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Bhagavad Gita Chapter 7 Verse 1

भगवद् गीता अध्याय 7 श्लोक 1

श्री भगवानुवाच
मय्यासक्तमनाः पार्थ योगं युञ्जन्मदाश्रयः।
असंशयं समग्रं मां यथा ज्ञास्यसि तच्छृणु।।7.1।।

हिंदी अनुवाद - स्वामी रामसुख दास जी ( भगवद् गीता 7.1)

।।7.1।।श्रीभगवान् बोले हे पृथानन्दन मुझमें आसक्त मनवाला मेरे आश्रित होकर योगका अभ्यास करता हुआ तू मेरे समग्ररूपको निःसन्देह जैसा जानेगा उसको सुन।

Rudra Vaishnava Sampradaya - Commentary

In the preceding chapters the true nature of the atma or soul has been delineated along with descriptions of different processes of yoga or the science of the individual consciousness attaining communion with the ultimate consciousness. Now Lord Krishna will describe the Divine transcendental form to be worshipped. At the conclusion of chapter six he stated that the yogi imbued with full faith who dedicatedly worships the Supreme Lord by being completely immersed in meditation upon in Him is the most elevated. Now the question that may arise is what is the nature of the Supreme Lord to whom such worship is to be given. To answer this possible question the Blessed Lord with a view of describing His own nature for the devotees whose minds are exclusively engrossed in Him, taking total refuge in Him while practising yoga. To these devotees He is saying listen to this special knowledge which will reveal His eternal attributes and manifestations and by which one will know His true nature alleviating all doubts.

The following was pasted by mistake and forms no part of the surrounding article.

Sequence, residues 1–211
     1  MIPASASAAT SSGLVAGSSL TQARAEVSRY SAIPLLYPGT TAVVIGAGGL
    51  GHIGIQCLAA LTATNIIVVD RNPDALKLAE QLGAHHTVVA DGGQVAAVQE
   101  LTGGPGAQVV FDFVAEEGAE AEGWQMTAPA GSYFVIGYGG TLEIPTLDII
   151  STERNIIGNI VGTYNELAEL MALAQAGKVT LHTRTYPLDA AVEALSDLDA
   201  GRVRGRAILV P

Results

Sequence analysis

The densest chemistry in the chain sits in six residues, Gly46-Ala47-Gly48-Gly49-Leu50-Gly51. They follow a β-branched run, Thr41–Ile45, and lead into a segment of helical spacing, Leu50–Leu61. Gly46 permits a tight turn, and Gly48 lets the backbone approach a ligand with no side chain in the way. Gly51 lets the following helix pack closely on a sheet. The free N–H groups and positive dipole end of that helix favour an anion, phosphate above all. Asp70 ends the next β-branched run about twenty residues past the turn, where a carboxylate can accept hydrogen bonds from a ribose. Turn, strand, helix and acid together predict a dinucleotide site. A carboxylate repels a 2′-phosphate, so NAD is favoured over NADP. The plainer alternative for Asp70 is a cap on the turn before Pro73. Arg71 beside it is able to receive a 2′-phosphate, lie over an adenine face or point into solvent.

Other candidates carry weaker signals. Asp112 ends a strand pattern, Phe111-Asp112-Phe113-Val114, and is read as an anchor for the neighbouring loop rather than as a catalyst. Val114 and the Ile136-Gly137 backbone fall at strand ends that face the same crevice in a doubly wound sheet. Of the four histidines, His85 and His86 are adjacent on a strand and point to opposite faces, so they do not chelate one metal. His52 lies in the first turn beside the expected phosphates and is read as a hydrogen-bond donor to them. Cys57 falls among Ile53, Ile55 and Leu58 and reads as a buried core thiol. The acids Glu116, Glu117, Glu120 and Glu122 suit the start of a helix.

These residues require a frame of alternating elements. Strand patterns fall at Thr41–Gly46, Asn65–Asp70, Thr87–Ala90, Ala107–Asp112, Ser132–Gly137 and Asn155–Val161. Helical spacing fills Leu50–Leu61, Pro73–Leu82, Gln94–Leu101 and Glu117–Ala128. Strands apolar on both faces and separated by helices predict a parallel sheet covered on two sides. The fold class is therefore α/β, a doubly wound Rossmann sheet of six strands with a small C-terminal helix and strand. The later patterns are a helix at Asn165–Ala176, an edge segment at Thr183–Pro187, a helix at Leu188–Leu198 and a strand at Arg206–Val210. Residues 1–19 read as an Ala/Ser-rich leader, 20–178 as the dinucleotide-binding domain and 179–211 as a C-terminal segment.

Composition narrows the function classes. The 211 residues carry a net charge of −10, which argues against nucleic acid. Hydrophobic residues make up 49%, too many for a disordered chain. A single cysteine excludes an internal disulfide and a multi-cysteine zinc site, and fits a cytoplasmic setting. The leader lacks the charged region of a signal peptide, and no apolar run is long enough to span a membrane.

Brahma Vaishnava Sampradaya - Commentary

Hari OM! The previous six chapters known as the section on karma yoga or the science of the individual consciousness attaining communion with the ultimate consciousness by selfless actions, the method of acquiring spiritual wisdom was described. Now the next six chapters known as the bhakti yoga section or the yoga of devotion primarily describe the glories and greatness of the Supreme Lord. The words asakta-manah means an extremely attached mental disposition. Utilising this attachment a person takes complete shelter of the Supreme Lord understanding that Lord Krishna is the ultimate controller, the ultimate protector and the ultimate refuge of all living entities. Understanding this reality fully with asamsayam or free from doubt without any reservation is the special meaning here.

Shri Vaishnava Sampradaya - Commentary